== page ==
Supporting Research in Primary Care
Research is essential in working out which treatments work best for patients and The Burns Practice actively supports clinical research studies within Primary Care.
The NHS Constitution states that Research is a core function of the NHS. Clinical research is a major driver of innovation and central to NHS practice for maintaining and developing high standards of patient care.
Ultimately, clinical research means patients get access to new treatments, interventions and medicines. Investment in research means better, more cost effective care for patients.
In 2006, the Department of Health set up a National Institute for Health Research to create a world-class health system within the NHS, and the Clinical Research Network is part of this wider organisation. The Burns Practice is part of a network of local practices participating in research activities under the CRN.
The other Practices in our cluster are:
- The Scott Practice
- Consibrough Group Practice
- Bentley Surgery
- St. Johns Group Practice
- ASA Medical Group
To find out more about the work of the NIHR Clinical Research Network go to https://local.nihr.ac.uk/lcrn/yorkshire-and-humber/
What is Primary Care Research?
The CRN Primary Care Speciality works in collaboration with researchers and primary care practitioners such as GPs, practice nurses, pharmacists and dentists to promote the successful delivery of research studies in the NHS.
A wider range of research studies are supported which look at:
- Promoting a healthier lifestyle
- Disease diagnosis and prevention
- Management of long-term illnesses such as diabetes and hypertension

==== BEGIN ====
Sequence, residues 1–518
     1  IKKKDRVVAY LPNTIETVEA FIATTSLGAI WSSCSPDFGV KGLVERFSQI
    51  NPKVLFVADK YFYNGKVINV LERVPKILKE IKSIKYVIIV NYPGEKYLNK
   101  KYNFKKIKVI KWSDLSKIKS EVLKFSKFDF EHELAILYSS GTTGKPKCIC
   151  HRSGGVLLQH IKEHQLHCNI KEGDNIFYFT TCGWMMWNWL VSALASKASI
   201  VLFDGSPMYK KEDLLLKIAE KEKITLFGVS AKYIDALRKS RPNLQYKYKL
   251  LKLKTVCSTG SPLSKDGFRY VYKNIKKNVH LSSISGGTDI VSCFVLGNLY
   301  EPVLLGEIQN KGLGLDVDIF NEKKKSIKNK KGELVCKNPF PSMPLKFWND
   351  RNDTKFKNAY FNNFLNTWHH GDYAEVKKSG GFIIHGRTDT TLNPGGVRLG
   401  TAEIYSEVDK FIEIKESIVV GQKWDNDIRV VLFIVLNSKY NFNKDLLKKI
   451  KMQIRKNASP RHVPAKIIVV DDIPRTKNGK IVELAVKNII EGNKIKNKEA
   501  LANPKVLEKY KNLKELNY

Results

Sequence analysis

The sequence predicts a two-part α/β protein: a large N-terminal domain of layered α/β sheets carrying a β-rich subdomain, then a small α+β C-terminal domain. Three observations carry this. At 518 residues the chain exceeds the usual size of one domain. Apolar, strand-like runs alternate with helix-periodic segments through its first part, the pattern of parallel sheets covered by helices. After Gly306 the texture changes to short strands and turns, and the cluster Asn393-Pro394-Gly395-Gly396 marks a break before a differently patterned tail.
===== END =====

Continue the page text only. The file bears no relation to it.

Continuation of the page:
- Prevention of future ill-health
- Treating common conditions such as tonsillitis or influenza
What are the benefits of GP practices taking part in Research?
- It offers patients access to new treatments
- It brings a new dimension to practice and added skills to those involved
- It provides national gold standard training for research
How can you help and take part?
There are many various ways a patient can become involved in studies:
- A doctor or nurse may talk to you about a particular study and ask whether you would be interested in participating
- You may be sent information through the post if we feel you may be a suitable participant
- You may read information about a current study in the patient waiting room or on the surgery website and wish to take part by contacting your GP.
Please note: The funding for our research activity is via the CRN so it does not come out of the Practice’s own budget and therefore doesn’t affect our patient’s services.
All clinical research carried out is thoroughly checked and approved by ethical committees thus ensuring it is appropriate and safe to perform.
Your participation is entirely voluntary and can be withdrawn by yourself at any time without an explanation required.
You are under no obligation to participate in any research project.
Your care and your relationship with your doctor or nurse will not be affected in any way if you decided not to take part in a research study.
You will always receive clear information about what taking part in a research study would involve.
You will have the opportunity to ask questions and obtain further details about a study.
If you do agree to take part in a study you will be asked to sign a consent form, this will clearly state which parts of your notes (if any) may be looked at for the purposes of the research study.
Nobody from outside this Practice will be given your contact details or have access to your medical notes without your prior consent
National Data Opt Out
The national data opt-out was introduced on 25 May 2018, enabling patients to opt out from the use of their data for research or planning purposes, in line with the recommendations of the National Data Guardian.
Patients can view or change their national data opt-out choice at any time by using the online service at www.nhs.uk/your-nhs-data-matters or by clicking on “Your Health” in the NHS App, and selecting “Choose if data from your health records is shared for research and planning”.